God tfiat we were alone in our office medi
tating on the beautis of ancient Fourth of
July celebrations ; and not out playing hyp
ocrite iu attempting to make impartial na
tional addresses. Mfy our Northern people
learn, before it shall bo too late, that the
samespirit that resisted oppression at that
early and memorable period, still animates
the American people, even if that heroic
war has been in vain, and those who were
then the oppressed have become 'the op
pressors. . Odious as was the stamp act to
the Colonies of New England, it was not so
odious or half so oppressive as the aggres
sive and burdensome policy of the Radicals
is to the American- people at the present
day. History proves that the British people
committed an error when they enforced "tax
ation without representation," and we hope
the Disunionists in this emergency will seek
to avoid the same nistake. The above is
our speech precisely as it was delivered in
our tanctum. Who objects?
Clymer Soldiers' Convention.
, Not having space Li our paper this week
for the entire proceedings of the .Soldiers'
meeting at Harrifburg, on Thursday last;
we will publish the following editorial, on
the subject, from the- Patriot and Unum,
that our readers, may get some idea of the
interest made manifest by the soldiers who
are opposed to the radical measures of Con
gress and the election of the Slwddy candi
date for Governor, Jchn W. Geary;
About oue hundred and fifty officers and
soldiers from every section and almost every
county of the State held a preliminary or in
formal toeeting at the Democratic Club
Rooms, in this city, yesterday. Among the
number present wen j Brevet Brig. Gen.
Matthews, Brig. Gen. M'Candless, Gen.
Sweitzer, Gen. Davis, Col. Linton, Col.
Witman. Col. Maish, Col. Ent, CoL Awl,
CoL Lyle, Col. Leech, Col. Owens, CoL
Owen Jones, Col. Davis of Berks, Lieut.
CoL Metzgar. Maj. K;rr, Maj. Grant Wied
man, Maj. Dorsheimer, Maj. Hammond,,
Maj. Hale, Capt. J. A Graham, CapL Case,
Capt. Richards,' Capt. Chrissrnan, Capt.
Charles Garretson. Capt M'Williams, Capt
Brockway, Capt. Woodruff, Capt Dough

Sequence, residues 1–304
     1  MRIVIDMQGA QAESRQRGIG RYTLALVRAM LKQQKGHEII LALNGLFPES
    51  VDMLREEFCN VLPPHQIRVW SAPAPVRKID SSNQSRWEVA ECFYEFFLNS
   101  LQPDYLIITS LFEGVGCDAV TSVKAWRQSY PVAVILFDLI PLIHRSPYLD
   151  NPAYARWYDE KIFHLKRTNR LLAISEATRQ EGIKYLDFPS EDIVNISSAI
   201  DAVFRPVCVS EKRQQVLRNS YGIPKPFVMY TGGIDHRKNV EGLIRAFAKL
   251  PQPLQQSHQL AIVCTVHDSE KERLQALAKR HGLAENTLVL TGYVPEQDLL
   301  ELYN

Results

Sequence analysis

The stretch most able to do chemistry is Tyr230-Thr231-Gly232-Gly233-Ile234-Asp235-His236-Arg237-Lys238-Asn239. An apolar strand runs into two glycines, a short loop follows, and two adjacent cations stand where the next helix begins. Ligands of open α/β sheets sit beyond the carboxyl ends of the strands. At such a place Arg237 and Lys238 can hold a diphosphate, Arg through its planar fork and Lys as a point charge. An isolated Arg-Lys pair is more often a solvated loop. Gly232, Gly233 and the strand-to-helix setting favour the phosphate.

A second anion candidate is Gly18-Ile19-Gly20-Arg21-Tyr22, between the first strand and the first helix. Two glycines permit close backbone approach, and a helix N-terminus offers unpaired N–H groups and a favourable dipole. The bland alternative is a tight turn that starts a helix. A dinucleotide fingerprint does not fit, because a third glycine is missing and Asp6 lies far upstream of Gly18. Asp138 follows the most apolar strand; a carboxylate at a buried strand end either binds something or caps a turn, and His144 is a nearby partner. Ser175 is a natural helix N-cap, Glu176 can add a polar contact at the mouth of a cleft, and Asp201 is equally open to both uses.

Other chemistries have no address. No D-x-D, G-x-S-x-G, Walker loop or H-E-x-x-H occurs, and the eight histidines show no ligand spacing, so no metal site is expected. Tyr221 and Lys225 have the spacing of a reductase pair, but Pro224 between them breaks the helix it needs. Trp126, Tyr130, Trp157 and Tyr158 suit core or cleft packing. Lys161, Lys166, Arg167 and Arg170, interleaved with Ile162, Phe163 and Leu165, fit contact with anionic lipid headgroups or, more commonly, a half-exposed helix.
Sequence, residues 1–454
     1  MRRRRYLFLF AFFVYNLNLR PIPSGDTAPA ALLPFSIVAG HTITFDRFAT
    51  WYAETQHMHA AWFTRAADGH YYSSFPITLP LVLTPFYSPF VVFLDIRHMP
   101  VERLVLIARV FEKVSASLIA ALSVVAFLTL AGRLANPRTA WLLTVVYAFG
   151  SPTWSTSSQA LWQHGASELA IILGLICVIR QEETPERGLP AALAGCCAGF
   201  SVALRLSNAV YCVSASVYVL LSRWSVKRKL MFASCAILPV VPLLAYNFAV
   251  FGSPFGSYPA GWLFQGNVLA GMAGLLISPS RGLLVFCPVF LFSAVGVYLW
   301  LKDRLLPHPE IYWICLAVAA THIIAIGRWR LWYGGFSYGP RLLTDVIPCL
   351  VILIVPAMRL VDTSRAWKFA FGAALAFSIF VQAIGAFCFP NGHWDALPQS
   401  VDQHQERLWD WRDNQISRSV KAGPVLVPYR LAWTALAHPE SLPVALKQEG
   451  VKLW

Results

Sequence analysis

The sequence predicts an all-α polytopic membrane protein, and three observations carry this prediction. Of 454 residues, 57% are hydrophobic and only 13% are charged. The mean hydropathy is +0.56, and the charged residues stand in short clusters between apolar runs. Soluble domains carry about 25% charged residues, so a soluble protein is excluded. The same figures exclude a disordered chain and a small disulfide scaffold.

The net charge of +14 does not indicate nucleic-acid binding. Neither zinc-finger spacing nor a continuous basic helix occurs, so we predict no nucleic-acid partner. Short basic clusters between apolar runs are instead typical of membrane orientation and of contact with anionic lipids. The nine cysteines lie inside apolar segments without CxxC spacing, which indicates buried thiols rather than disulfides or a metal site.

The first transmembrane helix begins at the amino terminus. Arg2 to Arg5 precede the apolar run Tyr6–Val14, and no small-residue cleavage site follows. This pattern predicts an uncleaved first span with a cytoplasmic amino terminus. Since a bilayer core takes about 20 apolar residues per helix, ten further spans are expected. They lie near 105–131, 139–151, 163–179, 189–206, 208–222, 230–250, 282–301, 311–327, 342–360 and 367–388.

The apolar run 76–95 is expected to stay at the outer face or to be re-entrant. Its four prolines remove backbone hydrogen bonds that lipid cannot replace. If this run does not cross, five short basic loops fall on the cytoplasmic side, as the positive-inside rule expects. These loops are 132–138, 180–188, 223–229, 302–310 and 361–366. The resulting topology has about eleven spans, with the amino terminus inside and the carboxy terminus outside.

erty, and many others whom we cannot now
particularize, who hav3 "done the State some
It was resolved to hold1 a Democratic Sol
diers' State Convention on the first of Au
gust next, io Harrisbnrg, to be composed of
seven delegates from ith county in the Commonwealth.-
A committee was appointed to
make the neccessary a rrangements. In an
other column will be found a detailed report
of the proceedings. ' '-
The indication are " that the Convention
will be a grand success,. The reports given
from the various sections of && State in re-
fard to the feeling of the late soldiery of the
edend armies insrela:ion to the two guber
natoitl candidates wiia most favorable to
Mr. Cljtner and a speiidy and complete res
toration of the Union upon thj basis of the
Crittenden resolution if the Congres of 1861.
Let every effort now be made to have every
county ia the State rejTesented on, the first
of -'ABsraat,. ' . '. ""' . - " ..-
Congress Shall Radicalism Tri
umph in this District T
ji We have every reason to believe that nine
tenths of the Democracy in thiB Congression
al District are determined to make a,straight
out fight with the disunionists in the pending
political canvass. Why not? If Democrat
ic principles are those of the Constitution,
why seek to add other interests thereto ? All
who sincerely desire the restoration of States,
the obliteration of- bitter feelings created by
cruel war; "and a re-union founded upon the
f)lain doctrine that characterize a free repub
ican government, will not hesitate to fall in
fine and march against the common enemies
of republican institutions under lead of a
Democrat whose record is in keeping with
the doctrines of the time-honored organiza
tion.' . No true upholder of the President's
reconstruction policy will occupy a neutral
position when the issue is narrowed down be
tween a radical disunionist and a Democrat
who supports, from principle, every political
effort tending to make one people of the di
vided interests that Stevens & Co. would al
low to eat up our substance, thereby retrench